has more than one business owner, therefore more skills, experience, management expertise available

relatively low startup costs and inexpensive to operate

no registration formalities, although a written agrement will help avoid future problems

a partnership does not pay tax itself, but must be registered with IRD and file an annual return of income and showing the assessable income and how it has been divided amongst the partners- tax is paid by each partner on their share of income and business tax losses can be offset against other personal income

privacy of affairs-   Financial statements don't have to be released to the public and don't have to be audited

limited outside regulation

easy to change the business structure

can raise finance by introducing another partner who provides his rather then having to go to a lending institution


all partners are jointly and severally liable for the debts of the partnership-   this means that each partner is liable for the pertnership's debts, and if the partnership is unable to pay, a partner may have to pay the entire debt and not just their share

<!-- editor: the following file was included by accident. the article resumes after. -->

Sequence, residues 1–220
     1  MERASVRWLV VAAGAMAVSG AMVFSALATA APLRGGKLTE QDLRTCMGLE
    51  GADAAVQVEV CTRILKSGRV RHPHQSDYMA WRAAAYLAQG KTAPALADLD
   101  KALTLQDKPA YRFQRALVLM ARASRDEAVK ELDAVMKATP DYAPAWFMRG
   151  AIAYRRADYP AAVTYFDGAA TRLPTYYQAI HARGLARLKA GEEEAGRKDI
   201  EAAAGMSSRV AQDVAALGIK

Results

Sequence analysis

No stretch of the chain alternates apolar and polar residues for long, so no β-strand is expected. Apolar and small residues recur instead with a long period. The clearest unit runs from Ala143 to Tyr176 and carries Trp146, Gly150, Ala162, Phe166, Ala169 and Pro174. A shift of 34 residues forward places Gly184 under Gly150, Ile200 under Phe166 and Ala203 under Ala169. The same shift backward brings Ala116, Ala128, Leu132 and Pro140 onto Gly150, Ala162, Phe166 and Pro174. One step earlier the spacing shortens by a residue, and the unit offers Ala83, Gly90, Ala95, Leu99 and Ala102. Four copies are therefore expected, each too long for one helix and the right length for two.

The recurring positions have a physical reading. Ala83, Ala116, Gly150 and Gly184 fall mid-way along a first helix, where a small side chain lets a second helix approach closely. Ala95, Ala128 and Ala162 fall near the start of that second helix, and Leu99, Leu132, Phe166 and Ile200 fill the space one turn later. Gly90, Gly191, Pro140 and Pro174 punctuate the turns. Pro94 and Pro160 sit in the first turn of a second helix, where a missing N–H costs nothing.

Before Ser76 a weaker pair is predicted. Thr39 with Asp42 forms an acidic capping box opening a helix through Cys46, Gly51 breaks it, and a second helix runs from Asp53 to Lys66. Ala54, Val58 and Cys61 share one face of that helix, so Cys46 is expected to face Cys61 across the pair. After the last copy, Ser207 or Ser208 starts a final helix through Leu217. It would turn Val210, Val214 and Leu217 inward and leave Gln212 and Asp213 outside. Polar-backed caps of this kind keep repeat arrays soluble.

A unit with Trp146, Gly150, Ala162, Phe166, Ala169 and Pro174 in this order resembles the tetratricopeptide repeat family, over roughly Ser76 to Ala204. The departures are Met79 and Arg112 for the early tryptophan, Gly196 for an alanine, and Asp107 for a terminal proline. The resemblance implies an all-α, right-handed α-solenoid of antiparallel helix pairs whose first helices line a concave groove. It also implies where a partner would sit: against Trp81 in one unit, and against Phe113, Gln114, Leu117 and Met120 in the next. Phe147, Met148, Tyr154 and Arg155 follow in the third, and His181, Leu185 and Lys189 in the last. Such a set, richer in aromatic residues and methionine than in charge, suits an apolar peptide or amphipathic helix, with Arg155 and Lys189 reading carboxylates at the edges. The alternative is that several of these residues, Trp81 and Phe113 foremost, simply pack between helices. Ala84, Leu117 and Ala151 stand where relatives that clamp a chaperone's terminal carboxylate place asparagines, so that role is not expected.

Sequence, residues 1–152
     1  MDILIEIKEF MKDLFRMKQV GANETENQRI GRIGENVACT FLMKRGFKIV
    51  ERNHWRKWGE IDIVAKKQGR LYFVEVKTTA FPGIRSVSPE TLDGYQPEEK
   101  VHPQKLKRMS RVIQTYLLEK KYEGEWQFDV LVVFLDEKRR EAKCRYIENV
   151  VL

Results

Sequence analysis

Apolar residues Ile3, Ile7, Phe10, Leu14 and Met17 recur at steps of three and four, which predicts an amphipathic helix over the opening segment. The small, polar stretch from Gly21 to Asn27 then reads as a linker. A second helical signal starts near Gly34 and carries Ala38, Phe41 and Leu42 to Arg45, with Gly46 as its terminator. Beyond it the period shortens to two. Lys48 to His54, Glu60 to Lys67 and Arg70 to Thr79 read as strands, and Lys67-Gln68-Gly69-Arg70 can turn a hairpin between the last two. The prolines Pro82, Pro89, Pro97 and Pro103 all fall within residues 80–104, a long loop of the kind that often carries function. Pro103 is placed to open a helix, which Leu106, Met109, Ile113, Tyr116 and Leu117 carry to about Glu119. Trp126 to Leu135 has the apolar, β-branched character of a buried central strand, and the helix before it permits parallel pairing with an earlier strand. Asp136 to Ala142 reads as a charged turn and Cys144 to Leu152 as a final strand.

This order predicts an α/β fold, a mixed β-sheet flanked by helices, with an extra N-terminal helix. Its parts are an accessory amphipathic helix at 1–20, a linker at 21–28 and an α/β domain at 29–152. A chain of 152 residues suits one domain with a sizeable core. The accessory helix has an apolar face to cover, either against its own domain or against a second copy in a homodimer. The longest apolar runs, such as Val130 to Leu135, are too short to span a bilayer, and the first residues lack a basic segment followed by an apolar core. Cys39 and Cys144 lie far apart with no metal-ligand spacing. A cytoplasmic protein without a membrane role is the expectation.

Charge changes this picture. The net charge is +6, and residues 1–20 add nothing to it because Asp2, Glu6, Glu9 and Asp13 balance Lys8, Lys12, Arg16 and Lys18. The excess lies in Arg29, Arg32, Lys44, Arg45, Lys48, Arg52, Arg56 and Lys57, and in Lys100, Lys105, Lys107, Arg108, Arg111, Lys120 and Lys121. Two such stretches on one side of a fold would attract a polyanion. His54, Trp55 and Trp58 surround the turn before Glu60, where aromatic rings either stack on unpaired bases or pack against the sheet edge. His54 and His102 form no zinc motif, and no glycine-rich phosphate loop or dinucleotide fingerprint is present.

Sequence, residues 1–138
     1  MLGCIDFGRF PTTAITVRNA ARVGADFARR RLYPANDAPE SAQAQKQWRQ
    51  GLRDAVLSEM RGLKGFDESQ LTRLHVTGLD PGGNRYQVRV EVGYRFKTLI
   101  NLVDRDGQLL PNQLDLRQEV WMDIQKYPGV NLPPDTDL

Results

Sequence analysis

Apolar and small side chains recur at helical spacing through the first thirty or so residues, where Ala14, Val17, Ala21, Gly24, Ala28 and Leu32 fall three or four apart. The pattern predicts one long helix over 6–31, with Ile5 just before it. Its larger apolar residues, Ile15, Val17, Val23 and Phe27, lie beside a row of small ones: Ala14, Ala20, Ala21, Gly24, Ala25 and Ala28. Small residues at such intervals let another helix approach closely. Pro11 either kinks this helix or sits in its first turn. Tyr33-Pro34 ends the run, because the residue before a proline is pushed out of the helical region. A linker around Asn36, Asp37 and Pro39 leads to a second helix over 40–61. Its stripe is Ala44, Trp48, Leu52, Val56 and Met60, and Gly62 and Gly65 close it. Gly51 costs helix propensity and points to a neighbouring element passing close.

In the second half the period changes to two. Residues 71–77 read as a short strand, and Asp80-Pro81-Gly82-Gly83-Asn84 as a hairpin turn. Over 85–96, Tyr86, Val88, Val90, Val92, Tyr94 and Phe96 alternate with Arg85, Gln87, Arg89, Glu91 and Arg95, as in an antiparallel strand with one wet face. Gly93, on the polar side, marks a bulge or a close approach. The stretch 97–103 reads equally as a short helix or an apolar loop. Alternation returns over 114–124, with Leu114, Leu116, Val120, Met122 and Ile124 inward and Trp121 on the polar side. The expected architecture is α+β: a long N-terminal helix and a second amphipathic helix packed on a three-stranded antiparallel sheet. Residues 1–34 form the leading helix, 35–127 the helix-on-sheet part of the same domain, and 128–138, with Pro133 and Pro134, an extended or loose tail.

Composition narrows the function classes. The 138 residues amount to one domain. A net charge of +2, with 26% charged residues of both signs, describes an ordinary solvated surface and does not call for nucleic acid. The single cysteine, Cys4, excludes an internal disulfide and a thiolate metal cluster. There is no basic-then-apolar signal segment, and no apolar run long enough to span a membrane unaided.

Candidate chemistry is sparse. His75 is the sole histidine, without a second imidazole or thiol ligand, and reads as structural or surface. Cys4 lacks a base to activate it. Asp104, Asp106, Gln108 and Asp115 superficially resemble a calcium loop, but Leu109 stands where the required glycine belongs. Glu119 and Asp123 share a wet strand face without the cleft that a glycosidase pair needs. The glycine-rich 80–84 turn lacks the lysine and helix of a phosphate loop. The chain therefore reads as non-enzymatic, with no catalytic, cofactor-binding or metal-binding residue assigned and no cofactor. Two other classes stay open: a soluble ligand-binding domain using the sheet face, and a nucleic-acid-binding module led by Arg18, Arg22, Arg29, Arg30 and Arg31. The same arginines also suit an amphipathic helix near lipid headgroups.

no protection for partner's personal assets, which may be seized to satisfy partnership debts

divided loyalty-   more than one person making the business decisions

trust and confidence is needed between the partners-  friction can occur

lack of continuity- when a partner pulls out the business ceases and legally the remaining partners are in a new partnership

limitation on size

the ability to raise finance is resticted in the same way as that of a sole trader-  banks may require personal guarantee and security over personal assets

may be difficult to sell off the partnership business and get good price as it may be the case that a lot of goodwill is through personal effort and relationship with customers and partners.



A company is an artificial "legal" person.   It is owned by shareholders who have limited liability (i.e. they are not personally responsible for the company's debts).   A company is run by directors